Saturday, March 5, 2011

Elmer Yazzie, Navaho Artist

Elmer Yazzie is a Navaho Christian who has been painting and teaching about art and faith for 35 years.  The son of a reformed minister, he was born on the Navaho reservation in Shiprock, New Mexico, and is a member of the "Where Two Waters Meet" clan.  Yazzie's sixth grade teacher at Rehoboth Christian School recognized his artistic abilities and gave him some art supplies to begin him on his journey as an artist.



Throughout his school years, Yazzie continued to paint and gave away some of his work as gifts.  After high school, he attended Calvin College in Michigan where he obtained a B.A. in Art Education.  Upon graduation in 1976, he returned to Rehoboth Christian School where he began his teaching career.

Yazzie's art combines the spirituality of the Diné, or Navaho, with his Christian faith ("Diné" means "The People').  In light of this, he says that there is no word in the Diné language for "artist."  Rather, art and Diné culture are so enmeshed that to separate art, artists or spirituality from the rest of life is absurd to him. Yazzie simply defines art as "the way to live," which must be done so as to please God.

The Teacher

In his art work, Yazzie paints with handmade brushes fashioned from the yucca plant, much as native artists have done for centuries in the southwest.  "I use the male yucca to do watercolors," he says.  "I think maybe I'm the only one who uses these brushes professionally."  A Navaho Neighbors magazine article says that Yazzie

reflects on his Navajo heritage and the things he learned about the traditional elements of his culture.  “The hogan, the cradle board, the loom, and the basket all have stories and meaning for life.  It’s a combination of that influence along with the scripture and the inspiration of the Holy Spirit that leads me as I paint."

S-U-C-C-E-S-S

Yazzie considers his artistic talents and interests to be a calling from God:  "To be blessed with talent is one thing; to use that talent to express the inspirations of God is another thing.  To understand how to explain these inspirations through word and visual imagery is humbling.  It is special to be chosen to be an artist."  Yazzie continues, "What the artist is or does has to do with spiritual work.  Artists are more like healers—our work can be therapy for ourselves and for others."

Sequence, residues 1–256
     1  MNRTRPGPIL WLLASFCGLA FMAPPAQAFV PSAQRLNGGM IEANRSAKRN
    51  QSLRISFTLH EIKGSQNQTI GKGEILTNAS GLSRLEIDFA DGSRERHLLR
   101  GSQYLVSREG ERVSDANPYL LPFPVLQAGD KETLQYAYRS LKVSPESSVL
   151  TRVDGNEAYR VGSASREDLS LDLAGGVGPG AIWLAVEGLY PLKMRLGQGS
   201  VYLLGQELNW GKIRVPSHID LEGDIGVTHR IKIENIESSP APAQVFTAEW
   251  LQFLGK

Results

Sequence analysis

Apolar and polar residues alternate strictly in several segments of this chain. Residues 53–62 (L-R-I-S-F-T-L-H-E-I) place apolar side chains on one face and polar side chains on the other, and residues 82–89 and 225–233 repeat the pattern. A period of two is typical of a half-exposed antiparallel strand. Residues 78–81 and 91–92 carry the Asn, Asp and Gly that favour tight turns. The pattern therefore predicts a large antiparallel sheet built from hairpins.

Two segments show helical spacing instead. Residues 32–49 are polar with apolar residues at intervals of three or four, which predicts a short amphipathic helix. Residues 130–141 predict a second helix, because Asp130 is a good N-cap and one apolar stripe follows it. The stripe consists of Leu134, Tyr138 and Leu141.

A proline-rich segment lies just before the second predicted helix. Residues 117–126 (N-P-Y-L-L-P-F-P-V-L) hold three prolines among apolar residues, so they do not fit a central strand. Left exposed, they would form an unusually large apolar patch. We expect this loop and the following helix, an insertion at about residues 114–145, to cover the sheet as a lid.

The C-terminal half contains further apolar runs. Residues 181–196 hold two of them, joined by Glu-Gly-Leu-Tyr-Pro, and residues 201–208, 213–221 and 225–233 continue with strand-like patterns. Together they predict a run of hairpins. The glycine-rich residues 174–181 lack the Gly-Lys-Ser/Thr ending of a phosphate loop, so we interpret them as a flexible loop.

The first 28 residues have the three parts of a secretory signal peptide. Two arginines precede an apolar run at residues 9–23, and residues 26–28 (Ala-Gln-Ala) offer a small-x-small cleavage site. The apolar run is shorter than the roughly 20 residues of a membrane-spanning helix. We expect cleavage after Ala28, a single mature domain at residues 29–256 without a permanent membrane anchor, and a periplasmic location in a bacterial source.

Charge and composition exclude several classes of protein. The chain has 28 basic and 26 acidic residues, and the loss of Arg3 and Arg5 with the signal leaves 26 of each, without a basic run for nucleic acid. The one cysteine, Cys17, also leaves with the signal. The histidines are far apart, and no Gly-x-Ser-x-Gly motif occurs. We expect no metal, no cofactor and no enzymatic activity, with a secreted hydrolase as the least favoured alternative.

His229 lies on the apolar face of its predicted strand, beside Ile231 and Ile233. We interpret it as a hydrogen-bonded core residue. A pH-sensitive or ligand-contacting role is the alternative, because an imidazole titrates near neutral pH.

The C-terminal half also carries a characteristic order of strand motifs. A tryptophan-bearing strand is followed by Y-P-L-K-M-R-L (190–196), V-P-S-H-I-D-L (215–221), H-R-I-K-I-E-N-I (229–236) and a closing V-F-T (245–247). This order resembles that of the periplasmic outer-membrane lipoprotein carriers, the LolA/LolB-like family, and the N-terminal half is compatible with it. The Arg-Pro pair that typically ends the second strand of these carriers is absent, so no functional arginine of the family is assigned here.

Active Body
But for many years, Yazzie didn't understand what it meant to be called by God to make art.  "I had the skill, and I had the understanding, but I didn't have a real experience with the inspiration," he says. "I think that's the critical part. I didn't totally understand what it meant to be 'chosen.' "  In 1981, while working on the first of many mural projects over his career, he began to understand: "[I was] doing it for the love of the whole project, and [I] knew Who it was for."  He continues: "You've got to recognize that when you've experienced inspiration, your work is worship. Sometimes when I paint I start making up my own songs, and I'll start to pray and talk about how I see God in the painting. I'll tell God out loud why I'm going to do this or that. This is so the Evil One can hear... I want to make him jealous."

Yazzie bases the divine calling to artists on the example of Bezalel in Exodus 31:1-11.  Bezalel was named by God to create the furnishings for the Tabernacle.  As a sign of this calling, Bezalel was described by God as being filled with the Spirit, having understanding and skill in all kinds of crafts.  Yazzie writes that "Bezalel was inspired by God to create unique works so that the people could have visual reminders of God and God's work. Inspiration took place, creativity followed, and uniqueness was the result."

Yazzie carries this concept even further with his students:

“I encourage my students to look at the characteristics of God and try to understand who He is as an artist. In Ephesians 2:10 we read that, ‘We are His workmanship created in Christ Jesus to do good works that He has prepared in advance for us.’ “Then I read the creation story and realize that everything was created with His voice except human life. It says God formed human life out of the dust of the earth. He took His hands and created us. We are His masterpiece. Each one of us is unique, one of a kind. Whether we like it or not we all have artistic characteristics within us and God wants us to contribute to the world just as Jesus Christ did. As God’s masterpiece, we too, can contribute uniquely to our world."

Yazzie's paintings range in style from "sky-scapes" of contextualized Diné elements, to more realistic images of landscapes or people.  Unfortunately, I found few in-depth explanations of his work (an exception is "Success" shown above), but there are some short descriptions offered along with this selection of his images.  You can see some of his other work here and here.  Thanks to Paul Neeley for the heads up on Elmer Yazzie!

2 comments:

  1. I had the pleasure of meeting Elmer Yazzie at the International Festival of the Arts in Kunming, China. We both were in the group of fine artists, exhibiting and teaching at the Art Institute there. With a gentle spirit he connected with the Chinese students at the university & the Korean artists in our delegation. He taught painting wih his handmade yucca brushes and exhibited his fine paintings. It always amazed me that I had to go all the way to China to meet a Christian Native American artist.

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  2. I was blessed to meet Elmer back in 1982 on the Navajo reservation with my college group. He was still working on the mural he mentioned above. Blessings to you, Elmer, as you continue to speak to the world through your way of life.

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